"The political effect of this debate can be … the growth of support of Brexit in the UK," he said.

German MEP Hans-Olaf Henkel, who is, like Czarnecki, from the mildly eurosceptic ECR group, on Monday published his own open letter, to his fellow MEPs.

He said that their letter could be counterproductive, and seen "as meddling in their [British] internal affairs".

"Let's offer the British some degree of autonomy over immigration, a certain kind of flexibility," added Henkel.

Leinen and Javor disagreed.

"This is not something generated by MEPs or European bodies, but it is an ongoing discussion in the UK as well," said Javor.

The letter to the Brits in fact specifically mentioned that the undersigned were "reluctant to intervene in your domestic politics".

"We are every day interfering in domestic politics, because we are so much connected with each other," said Leinen.

"Brexit is a common challenge, not only for Britain but as well for the EU27," he noted.

Javor and Leinen also said they thought they had the backing of their voters.

"In my opinion there is a large majority of Europeans who want to have Britain in the EU," said Leinen, although he acknowledged that there was frustration as well.

"There are a number of people who say 'let them go, and the quicker they go, the better'. But I feel that this is more an expression of desperation," he noted.

"Those who keep a cool head would say that in a world full of troubles and challenges we would be stronger to defend our values and our interests being together than separating from each other," said Leinen.

The open letter by MEPs was not the only correspondence heading to London.

Presidents' letter

On Monday, the presidents of the European Council and the European Commission, Donald Tusk and Jean-Claude Juncker respectively, also sent an open letter.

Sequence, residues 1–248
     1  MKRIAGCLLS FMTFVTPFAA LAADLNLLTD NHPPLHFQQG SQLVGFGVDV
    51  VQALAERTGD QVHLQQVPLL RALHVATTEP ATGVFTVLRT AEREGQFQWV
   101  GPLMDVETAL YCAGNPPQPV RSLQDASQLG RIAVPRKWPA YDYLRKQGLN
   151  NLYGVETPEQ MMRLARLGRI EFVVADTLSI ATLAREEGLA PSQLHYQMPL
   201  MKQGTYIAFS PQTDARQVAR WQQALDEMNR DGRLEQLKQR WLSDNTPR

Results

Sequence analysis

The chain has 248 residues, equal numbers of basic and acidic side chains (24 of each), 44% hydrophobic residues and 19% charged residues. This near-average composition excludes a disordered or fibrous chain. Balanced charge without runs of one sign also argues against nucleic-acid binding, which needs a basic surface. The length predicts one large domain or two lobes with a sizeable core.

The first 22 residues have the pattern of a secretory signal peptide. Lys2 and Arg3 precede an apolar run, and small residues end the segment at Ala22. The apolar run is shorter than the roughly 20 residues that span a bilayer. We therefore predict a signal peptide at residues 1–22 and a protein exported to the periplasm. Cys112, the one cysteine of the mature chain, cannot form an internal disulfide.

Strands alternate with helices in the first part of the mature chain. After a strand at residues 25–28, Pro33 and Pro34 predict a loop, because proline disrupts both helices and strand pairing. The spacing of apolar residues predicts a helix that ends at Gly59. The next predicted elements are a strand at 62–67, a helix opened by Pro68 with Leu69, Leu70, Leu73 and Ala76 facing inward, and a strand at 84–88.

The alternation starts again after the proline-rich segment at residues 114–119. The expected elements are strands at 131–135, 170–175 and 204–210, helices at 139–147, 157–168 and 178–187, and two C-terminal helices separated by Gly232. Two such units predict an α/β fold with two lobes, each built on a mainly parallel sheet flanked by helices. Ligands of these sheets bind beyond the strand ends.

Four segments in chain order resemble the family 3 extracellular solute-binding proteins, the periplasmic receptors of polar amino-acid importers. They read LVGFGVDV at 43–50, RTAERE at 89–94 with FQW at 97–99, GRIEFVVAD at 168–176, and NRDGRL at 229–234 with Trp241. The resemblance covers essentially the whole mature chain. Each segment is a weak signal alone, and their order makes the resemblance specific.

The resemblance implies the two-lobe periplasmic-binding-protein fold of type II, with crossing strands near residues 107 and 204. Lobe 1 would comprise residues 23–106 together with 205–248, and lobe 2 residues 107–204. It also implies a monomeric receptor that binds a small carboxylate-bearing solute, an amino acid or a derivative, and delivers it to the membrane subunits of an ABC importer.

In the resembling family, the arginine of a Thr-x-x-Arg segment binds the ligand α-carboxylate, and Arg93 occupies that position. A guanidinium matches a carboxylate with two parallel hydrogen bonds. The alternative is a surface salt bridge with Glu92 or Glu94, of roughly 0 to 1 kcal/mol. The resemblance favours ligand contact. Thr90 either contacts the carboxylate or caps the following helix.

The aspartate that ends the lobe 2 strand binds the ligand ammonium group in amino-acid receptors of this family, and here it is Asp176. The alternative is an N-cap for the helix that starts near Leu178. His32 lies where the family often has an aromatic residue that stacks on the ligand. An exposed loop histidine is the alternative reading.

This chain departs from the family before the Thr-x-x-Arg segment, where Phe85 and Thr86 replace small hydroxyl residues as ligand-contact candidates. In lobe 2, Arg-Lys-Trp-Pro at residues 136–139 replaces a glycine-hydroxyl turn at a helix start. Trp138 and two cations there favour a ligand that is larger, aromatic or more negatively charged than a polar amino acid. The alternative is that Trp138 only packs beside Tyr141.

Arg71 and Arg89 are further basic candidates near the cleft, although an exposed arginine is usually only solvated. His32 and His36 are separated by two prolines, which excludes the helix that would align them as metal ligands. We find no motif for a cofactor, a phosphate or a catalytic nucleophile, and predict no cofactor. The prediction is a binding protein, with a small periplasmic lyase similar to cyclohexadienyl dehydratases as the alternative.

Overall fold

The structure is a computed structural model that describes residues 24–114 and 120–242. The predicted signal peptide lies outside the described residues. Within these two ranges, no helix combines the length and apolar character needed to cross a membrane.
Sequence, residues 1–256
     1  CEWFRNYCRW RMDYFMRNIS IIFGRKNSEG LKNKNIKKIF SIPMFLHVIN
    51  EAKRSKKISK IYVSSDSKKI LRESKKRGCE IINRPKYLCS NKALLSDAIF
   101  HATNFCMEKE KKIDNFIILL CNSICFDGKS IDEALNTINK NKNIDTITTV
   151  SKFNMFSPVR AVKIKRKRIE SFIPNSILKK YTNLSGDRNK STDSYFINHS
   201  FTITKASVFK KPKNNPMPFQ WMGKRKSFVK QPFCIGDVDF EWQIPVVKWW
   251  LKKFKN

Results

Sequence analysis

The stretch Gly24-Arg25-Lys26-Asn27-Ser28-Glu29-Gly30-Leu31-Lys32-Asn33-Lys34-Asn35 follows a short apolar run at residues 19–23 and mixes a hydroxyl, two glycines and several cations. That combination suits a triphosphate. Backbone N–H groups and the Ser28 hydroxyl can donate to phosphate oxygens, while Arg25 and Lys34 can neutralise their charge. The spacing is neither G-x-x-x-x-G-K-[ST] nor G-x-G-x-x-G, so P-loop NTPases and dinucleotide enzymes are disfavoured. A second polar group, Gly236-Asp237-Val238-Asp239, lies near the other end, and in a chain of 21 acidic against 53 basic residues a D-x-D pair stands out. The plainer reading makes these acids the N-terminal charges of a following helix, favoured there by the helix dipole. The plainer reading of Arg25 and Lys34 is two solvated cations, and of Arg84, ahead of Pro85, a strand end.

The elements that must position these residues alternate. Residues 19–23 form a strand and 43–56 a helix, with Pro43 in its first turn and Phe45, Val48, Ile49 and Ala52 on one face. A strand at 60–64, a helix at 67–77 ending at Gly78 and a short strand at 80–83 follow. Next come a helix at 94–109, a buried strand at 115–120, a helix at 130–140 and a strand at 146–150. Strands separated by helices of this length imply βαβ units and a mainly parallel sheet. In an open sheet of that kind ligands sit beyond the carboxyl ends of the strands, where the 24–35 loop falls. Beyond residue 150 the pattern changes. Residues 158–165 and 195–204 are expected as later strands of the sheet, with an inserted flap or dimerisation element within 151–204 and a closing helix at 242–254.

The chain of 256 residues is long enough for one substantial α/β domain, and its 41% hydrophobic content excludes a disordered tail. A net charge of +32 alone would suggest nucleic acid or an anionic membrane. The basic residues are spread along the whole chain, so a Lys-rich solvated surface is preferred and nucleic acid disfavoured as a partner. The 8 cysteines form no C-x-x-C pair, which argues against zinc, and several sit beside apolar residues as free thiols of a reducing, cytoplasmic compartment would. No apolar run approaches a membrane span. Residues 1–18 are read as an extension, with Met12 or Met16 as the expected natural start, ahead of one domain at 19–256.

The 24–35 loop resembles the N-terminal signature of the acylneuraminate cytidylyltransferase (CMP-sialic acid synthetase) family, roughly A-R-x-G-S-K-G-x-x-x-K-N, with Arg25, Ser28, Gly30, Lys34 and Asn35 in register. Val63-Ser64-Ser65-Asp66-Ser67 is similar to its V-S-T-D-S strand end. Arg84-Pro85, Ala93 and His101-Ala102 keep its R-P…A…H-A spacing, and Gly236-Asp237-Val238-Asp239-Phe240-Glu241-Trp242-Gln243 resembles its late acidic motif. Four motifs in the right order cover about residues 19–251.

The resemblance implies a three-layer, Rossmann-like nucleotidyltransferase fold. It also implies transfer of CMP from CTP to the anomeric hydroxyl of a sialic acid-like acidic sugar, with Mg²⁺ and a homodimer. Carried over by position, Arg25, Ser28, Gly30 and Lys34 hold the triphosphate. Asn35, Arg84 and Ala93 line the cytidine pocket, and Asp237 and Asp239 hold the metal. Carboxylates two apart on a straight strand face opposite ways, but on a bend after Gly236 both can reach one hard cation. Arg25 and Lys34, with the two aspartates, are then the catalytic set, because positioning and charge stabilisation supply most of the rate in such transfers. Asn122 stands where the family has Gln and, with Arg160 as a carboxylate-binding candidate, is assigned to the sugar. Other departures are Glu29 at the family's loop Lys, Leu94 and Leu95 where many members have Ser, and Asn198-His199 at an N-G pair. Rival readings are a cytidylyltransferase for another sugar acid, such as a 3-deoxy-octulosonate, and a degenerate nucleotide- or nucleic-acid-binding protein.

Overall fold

The letter did not contain any new commitments, but said the agreed deal was a "fair compromise [that] aims to ensure an orderly withdrawal of the United Kingdom from the European Union, thereby limiting the negative consequences of Brexit".

MEPs have scheduled a debate for Wednesday morning, about the outcome of Tuesday's vote in the House of Commons.

No more Brexit talks, despite May's pleas

EU leaders said they can do no more than reassure the UK they do not want to trap it over Ireland, but May might need more than that to get the Brexit deal through parliament.

EU-27 unimpressed by May, offer little on Brexit

British PM asked for a legally binding guarantee on the backstop and for it to end no matter what in 2021, but did not reveal a strategy on how to sell the Brexit deal to her parliament.

MEPs positive on Brexit deal, but with provisos

'A lot of the requests that the parliament has put forward, been achieved in the negotiations,' said Guy Verhofstadt, the European Parliament's 'point man' on Brexit.


How Brexit may harm the new EU parliament

British plans to - maybe - take part in EU elections risk legal chaos in the next European Parliament, which could be resolved only by treaty change - an unlikely prospect.